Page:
When a New York City subway train comes down the track, weighing some 400 tons and going around 40 miles per hour it is lethal for anyone in the way.
The MTA says some 110 people have died in the last couple of years either by falling, jumping or being pushed in front of oncoming trains.
Manhattan Borough President Scott Stringer, who is running for comptroller, wrote to the MTA requesting the authority investigate and consider platform barriers.
But subway platform barriers would cost $1.5 billion to install in all 468 subway stations, said the cash-strapped MTA.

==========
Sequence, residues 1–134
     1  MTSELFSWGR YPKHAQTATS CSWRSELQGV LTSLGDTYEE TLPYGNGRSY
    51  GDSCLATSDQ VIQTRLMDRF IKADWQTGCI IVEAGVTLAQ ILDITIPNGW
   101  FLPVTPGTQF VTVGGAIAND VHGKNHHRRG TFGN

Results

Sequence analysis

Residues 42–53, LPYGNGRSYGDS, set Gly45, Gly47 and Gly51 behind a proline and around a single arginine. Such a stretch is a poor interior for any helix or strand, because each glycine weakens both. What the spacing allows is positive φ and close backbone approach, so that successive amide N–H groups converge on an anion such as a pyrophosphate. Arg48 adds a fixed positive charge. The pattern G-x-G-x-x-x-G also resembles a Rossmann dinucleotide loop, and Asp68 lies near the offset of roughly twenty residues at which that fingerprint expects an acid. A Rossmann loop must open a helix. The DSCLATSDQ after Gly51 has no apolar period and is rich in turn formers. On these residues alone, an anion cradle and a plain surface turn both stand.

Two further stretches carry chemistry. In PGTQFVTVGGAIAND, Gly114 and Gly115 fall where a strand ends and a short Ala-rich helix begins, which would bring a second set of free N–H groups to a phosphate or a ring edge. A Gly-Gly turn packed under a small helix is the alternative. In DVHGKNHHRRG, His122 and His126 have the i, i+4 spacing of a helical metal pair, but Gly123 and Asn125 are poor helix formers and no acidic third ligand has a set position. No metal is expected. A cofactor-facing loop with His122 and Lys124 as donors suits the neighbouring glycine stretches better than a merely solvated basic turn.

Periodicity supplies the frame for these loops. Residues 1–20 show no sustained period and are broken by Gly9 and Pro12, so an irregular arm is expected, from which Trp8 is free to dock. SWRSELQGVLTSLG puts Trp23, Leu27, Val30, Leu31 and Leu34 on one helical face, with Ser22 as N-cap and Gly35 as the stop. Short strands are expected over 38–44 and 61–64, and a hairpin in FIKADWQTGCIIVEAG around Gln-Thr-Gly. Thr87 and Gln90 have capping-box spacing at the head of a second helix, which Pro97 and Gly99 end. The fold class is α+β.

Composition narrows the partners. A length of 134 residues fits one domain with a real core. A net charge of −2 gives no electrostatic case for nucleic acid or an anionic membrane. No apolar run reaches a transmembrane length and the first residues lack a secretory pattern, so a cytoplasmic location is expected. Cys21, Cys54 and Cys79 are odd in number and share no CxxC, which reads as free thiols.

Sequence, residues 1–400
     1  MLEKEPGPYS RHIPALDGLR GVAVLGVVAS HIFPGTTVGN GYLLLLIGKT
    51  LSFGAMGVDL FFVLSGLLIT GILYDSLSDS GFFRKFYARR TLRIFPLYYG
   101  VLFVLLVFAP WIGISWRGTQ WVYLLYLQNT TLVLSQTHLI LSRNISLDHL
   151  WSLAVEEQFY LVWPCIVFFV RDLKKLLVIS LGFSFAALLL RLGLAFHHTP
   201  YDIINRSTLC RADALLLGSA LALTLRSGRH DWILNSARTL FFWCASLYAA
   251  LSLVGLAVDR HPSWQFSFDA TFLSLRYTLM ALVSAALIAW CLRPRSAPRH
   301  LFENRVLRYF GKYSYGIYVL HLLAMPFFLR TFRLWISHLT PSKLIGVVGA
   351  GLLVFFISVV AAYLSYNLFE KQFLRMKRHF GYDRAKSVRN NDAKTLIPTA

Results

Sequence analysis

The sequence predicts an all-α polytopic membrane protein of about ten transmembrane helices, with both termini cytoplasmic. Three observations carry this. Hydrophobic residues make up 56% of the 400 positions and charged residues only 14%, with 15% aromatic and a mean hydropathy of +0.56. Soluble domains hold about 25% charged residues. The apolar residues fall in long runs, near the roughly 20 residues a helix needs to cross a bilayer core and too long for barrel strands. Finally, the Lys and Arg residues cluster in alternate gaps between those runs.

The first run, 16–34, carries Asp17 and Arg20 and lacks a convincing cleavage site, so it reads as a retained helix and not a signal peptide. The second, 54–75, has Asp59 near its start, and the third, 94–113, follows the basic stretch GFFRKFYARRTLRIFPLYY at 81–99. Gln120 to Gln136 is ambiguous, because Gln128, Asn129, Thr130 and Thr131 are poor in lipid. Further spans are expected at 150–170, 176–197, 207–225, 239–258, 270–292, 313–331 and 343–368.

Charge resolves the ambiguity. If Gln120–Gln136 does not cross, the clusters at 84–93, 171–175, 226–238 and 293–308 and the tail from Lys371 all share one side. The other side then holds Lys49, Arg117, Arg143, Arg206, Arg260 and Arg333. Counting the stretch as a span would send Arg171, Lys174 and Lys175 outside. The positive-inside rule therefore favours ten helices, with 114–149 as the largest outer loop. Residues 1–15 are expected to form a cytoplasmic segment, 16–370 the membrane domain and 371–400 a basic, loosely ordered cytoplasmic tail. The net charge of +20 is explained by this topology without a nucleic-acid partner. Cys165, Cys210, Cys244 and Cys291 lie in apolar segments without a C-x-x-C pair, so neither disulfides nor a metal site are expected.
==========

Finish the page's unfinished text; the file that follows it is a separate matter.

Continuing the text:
NYC transit president Tom Prendergast said the MTA will examine possible ways to make the platforms safer including barriers, but the agency doesn't have a timetable.
The MTA is talking about more assistance stations. If commuters see someone in trouble or who seems dangerous they can call for help. The MTA is also emphasizing using ads to educate customers about staying safe on the subway platforms.
The transit union suggested slowing the trains down, but the MTA said studies indicate some stations would get so crowded while commuters wait for slower trains during morning rush hour more people would be at risk of being pushed off crowded platforms.
One other solution may be motion-detector alarms that go off when commuters get too close to the edge.